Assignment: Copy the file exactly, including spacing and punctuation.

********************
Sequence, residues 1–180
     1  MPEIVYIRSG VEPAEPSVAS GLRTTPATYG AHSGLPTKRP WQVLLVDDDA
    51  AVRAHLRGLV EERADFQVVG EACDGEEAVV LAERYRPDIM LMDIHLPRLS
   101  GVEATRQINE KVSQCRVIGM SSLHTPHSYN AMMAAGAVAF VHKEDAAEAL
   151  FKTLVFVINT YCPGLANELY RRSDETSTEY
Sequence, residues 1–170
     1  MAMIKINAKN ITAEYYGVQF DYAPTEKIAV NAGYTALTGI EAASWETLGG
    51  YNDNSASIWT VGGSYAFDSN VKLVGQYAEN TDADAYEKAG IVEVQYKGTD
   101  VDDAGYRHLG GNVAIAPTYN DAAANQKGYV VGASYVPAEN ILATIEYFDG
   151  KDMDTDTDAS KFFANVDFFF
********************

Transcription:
Sequence, residues 1–180
     1  MPEIVYIRSG VEPAEPSVAS GLRTTPATYG AHSGLPTKRP WQVLLVDDDA
    51  AVRAHLRGLV EERADFQVVG EACDGEEAVV LAERYRPDIM LMDIHLPRLS
   101  GVEATRQINE KVSQCRVIGM SSLHTPHSYN AMMAAGAVAF VHKEDAAEAL
   151  FKTLVFVINT YCPGLANELY RRSDETSTEY
Sequence, residues 1–170
     1  MAMIKINAKN ITAEYYGVQF DYAPTEKIAV NAGYTALTGI EAASWETLGG
    51  YNDNSASIWT VGGSYAFDSN VKLVGQYAEN TDADAYEKAG IVEVQYKGTD
   101  VDDAGYRHLG GNVAIAPTYN DAAANQKGYV VGASYVPAEN ILATIEYFDG
   151  KDMDTDTDAS KFFANVDFFF